One year she took a group of us to San Antonio for Christmas shopping. Again, I don't have any idea why she put herself out for us. It was my first experience of independent Christmas shopping without the influence of my parents. I had a grand time selecting something for each member of my family and feeling all grown-up. It was a rare moment of semi-independence and it felt good.

Sometime during my high-school years Mrs. Bell took a tour of Europe. She brought each of her students a souvenir from that trip. I received two items: a dried sprig of Edelweiss (to commemorate my having sung Edelweiss from the Sound of Music during one recital) and a shiny sixpence that I was to put in my shoe on my wedding day. I still have both.

When I was a Senior, she arranged for a relative overseas to purchase a jade ring, which she gave me for my graduation present. She also arranged for me to have a Senior recital, which appalled me. I had intended to stop music lessons at the end of my Junior year, but she had her heart set on my having a Senior recital and my parents applied gentle pressure for me to continue on and make the old lady happy. I never in a million years thought anyone would actually attend the thing, but I was pleasantly surprised that a respectable number of friends, church members and relatives did show up for an evening that included Beethoven sonatas and a Chopin etude.

I disappointed her in one respect. She was always very complimentary on my ability to sight-read and on my touch at the piano. I refused, however, to memorize pieces. I just didn't see the point when it was easy enough to have the music right there handy. At this point in my life I would probably enjoy the ability to tear into a Chopin waltz, but memorization of music was never easy for me and I just never worked toward that goal. Even though I was frequently told about her daughter, who had studied music in college and could play all those sonatas without the crutch of sheet music, it just wasn't something that was important to me and she never could motivate me to feel otherwise. It wasn't for lack of trying.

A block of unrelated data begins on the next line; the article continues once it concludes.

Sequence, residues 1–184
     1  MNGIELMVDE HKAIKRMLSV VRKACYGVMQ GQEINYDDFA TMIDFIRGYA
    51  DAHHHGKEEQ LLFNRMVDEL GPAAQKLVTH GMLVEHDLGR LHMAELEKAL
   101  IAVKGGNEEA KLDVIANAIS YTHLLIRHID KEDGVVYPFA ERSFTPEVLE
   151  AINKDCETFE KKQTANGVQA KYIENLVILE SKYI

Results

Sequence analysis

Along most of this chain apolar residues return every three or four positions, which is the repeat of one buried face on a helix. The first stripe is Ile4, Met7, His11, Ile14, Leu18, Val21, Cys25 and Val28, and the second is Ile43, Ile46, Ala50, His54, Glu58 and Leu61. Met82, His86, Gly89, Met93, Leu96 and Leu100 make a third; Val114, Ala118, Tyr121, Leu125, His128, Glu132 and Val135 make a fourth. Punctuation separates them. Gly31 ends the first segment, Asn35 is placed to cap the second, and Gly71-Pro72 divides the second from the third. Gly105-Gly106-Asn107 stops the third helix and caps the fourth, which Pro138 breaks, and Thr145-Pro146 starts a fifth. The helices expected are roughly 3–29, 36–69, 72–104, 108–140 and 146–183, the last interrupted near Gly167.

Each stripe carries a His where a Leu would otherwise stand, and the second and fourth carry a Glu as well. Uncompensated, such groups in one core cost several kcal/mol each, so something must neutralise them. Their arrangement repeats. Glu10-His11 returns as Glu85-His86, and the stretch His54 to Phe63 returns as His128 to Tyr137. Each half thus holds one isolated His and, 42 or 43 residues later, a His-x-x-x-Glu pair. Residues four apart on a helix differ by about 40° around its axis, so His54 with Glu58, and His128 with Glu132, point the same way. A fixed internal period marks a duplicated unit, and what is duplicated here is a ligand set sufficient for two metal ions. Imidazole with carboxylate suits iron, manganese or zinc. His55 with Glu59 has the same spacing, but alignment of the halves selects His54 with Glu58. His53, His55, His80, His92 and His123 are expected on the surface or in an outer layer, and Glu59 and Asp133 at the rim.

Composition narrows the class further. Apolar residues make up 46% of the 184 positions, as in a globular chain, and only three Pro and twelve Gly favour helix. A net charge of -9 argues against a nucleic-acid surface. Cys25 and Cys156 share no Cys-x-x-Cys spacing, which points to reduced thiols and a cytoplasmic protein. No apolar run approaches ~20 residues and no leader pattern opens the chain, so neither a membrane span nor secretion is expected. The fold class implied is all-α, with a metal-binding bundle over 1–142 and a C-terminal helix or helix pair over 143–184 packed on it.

I can remember music lessons in the frame building that sat just off the football field. There was no air-conditioning or reliable heat, so there were days that your fingers nearly froze to the keys or that you sweated a big wet spot on the old bench the exact shape of your butt. There were days I nearly suffocated, when the air was still and hot. Mrs. Bell was fond of lavish application of the perfume Tabu, and the strong fumes would surround my head and make me feel faint.

I can remember one afternoon when she showed up at the house with records of the Beethoven sonatas that I was learning for that Senior recital. To that point I had been learning the music, but had never heard the pieces interpreted by a concert-level pianist. She sat there on the couch with me as we listened through the Moonlight Sonata and Sonata Pathetique. It made a huge difference in my understanding of how the pieces should sound.

I can remember her rings. Her husband had been prosperous and she wore rings set with huge flawless diamonds. I've always lusted after diamonds, even at that early age, and those sparkling rings were particularly impressive.

Come to think of it, she probably did not need the fees she charged for piano lessons. And she certainly did not need the aggravation of a bunch of kids around. She had to have loved what she did to put up with us.

I never fail to think of her when I listen to a CD of Beethoven or Chopin pieces. Those two composers are firmly fixed in my mind with the lady who worked with me for so many years and who really thought I had talent. I just wish I had had a little more than I did. I wish I could have been the pianist she wanted me to be.


Thursday, December 07, 2006

Fifth Grade and Mrs. Bell